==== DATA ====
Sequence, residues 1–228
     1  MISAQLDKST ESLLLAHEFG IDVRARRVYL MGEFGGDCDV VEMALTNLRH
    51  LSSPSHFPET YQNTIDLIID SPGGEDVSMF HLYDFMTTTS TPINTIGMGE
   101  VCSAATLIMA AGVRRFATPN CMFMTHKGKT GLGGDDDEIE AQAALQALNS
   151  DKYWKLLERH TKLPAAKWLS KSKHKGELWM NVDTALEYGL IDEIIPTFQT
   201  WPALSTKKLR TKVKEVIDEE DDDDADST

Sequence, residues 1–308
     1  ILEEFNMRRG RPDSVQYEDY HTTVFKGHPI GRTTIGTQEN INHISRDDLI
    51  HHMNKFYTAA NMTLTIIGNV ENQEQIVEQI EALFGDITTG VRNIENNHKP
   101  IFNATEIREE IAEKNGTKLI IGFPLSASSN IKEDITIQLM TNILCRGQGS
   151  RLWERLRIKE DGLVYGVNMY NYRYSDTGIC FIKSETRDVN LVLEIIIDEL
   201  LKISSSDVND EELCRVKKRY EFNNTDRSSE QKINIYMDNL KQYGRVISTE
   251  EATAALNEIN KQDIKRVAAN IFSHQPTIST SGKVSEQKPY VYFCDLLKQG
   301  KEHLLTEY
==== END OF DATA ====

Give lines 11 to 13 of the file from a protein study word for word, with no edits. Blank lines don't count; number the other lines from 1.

   151  RLWERLRIKE DGLVYGVNMY NYRYSDTGIC FIKSETRDVN LVLEIIIDEL
   201  LKISSSDVND EELCRVKKRY EFNNTDRSSE QKINIYMDNL KQYGRVISTE
   251  EATAALNEIN KQDIKRVAAN IFSHQPTIST SGKVSEQKPY VYFCDLLKQG